|Title:||Satellite-Based Rainfall Estimation: Evaluation and Characterization (A Case Study Over Omo-Gibe River Basin)|
|???metadata.dc.contributor.*???:||Dr. K. S. R. Murthy|
|Publisher:||Addis Ababa University|
|Abstract:||Rainfall is a key climatic element considered as the most important factor that influencing the Ethiopian agriculture and it is also principal cause of droughts and flood triggered by the fluctuation and excess of rainfall extreme events respectively. It is known that the pattern and distribution of rainfall in Ethiopia is highly variable. Therefore, the understanding of such situations and integration of this knowledge into planning and decision making process is not doubtful. At present, the great amount of available rainfall data does not allow to a direct access by human user to the whole content of information. As D.Grimes, professor of reading university in UK, cited in the proceeding of meteorological satellite data users conference in 1997, the past 30 years there has been concern about decreasing rainfall in Africa and weather this is linked to climate change. He stressed that the problem of accurately assessing the situation are exacerbated by the sparseness of the raingauge network, which has meant difficult to determine it with out satellite applications. The development of remote sensing technology and application which are now able to manage the Satellite –based rainfall estimates by giving answer for specific complain such as - stations do not adequately reflect the various climatic zones of the country, unevenly distribution of Gauge Networking system, establishing dense network is not economically viable, accuracy and missing of gauge readings and records, and so on. Therefore, this problem can be alleviated only through the application of satellite data. The fact that satellite derived data is continuous in space and could be obtained regularly has made it very useful for early warning purposes. Most operational rainfall monitoring system in Africa including our country uses thermal infrared (TIR) imagery from MetoSat satellite. This is because of high repetitions rate of MetoSat images and the link between the rainfall and its convective source of clouds which is sensitive to TIR data. Half-hourly digital data from European Meteorological Satellite METEOSAT has been receiving at the National Meteorological Service agency since 1990.The study presented in this paper took place to investigate and show methods and practical application of satellite based rainfall estimates of TAMSAT methodology developed at the University of Reading, UK for tropical Africa. The data used are two types, dekadal MetoSat-TIR CCD image and ground gauge measurements represented the study area of Omo-Gibe basin. The CCD images are converted into RFE image through automated image processing module and values are extracted at delineated homogeneous rainfall region (HRR). The extracted rainfall values obtained are further processed and characterized quantitatively using statistical and GIS Geostatistical tools, indicated that reasonable agreement and in small extent variability between the satellite estimate and gauge value.|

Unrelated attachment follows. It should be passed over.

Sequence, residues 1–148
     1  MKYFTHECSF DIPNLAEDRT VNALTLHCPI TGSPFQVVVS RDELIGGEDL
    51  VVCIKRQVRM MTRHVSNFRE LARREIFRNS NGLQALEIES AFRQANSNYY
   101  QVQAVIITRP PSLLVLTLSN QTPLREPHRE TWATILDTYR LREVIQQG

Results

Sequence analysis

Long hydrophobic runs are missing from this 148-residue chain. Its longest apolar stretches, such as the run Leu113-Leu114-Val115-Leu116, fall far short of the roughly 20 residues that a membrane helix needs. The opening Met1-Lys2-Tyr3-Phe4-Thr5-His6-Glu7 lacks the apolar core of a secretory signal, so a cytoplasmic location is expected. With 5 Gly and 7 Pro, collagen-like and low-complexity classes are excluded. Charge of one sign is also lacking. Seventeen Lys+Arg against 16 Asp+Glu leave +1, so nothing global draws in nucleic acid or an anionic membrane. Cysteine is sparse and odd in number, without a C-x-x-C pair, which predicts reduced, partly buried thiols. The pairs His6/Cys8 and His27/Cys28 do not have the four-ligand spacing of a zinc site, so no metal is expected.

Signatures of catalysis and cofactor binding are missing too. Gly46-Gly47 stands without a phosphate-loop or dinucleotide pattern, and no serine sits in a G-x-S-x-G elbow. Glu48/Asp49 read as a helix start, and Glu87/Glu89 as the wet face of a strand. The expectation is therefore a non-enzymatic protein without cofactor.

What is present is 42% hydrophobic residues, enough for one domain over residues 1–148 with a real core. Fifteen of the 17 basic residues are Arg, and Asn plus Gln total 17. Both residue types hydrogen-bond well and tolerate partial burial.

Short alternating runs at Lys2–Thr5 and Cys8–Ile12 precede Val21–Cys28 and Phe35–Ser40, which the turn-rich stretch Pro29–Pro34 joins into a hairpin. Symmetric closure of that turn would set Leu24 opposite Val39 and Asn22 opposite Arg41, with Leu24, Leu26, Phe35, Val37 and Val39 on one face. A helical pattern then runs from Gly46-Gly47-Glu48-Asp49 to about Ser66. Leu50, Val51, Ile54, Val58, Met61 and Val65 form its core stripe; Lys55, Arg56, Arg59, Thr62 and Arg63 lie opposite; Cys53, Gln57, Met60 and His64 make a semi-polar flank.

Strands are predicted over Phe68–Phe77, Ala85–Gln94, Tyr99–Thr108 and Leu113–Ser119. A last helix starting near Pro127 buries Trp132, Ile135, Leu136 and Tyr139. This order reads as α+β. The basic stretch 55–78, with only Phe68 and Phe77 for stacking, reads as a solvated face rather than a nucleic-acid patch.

|Description:||A Thesis Submitted To The School Of Graduate Studies Of Addis Ababa University In Partial Fulfillment Of The Requirements For The Degree Of Master Of Science In GIS And Remote Sensing.|
|Appears in Collections:||Thesis - Earth Sciences|
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